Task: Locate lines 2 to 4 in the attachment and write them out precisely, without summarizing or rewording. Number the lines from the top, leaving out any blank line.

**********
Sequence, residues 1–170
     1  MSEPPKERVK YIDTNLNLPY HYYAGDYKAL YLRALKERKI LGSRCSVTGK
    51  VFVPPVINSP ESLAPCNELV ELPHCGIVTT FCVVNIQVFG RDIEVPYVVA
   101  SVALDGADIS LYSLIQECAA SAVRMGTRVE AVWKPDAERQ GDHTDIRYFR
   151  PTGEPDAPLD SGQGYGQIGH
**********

     1  MSEPPKERVK YIDTNLNLPY HYYAGDYKAL YLRALKERKI LGSRCSVTGK
    51  VFVPPVINSP ESLAPCNELV ELPHCGIVTT FCVVNIQVFG RDIEVPYVVA
   101  SVALDGADIS LYSLIQECAA SAVRMGTRVE AVWKPDAERQ GDHTDIRYFR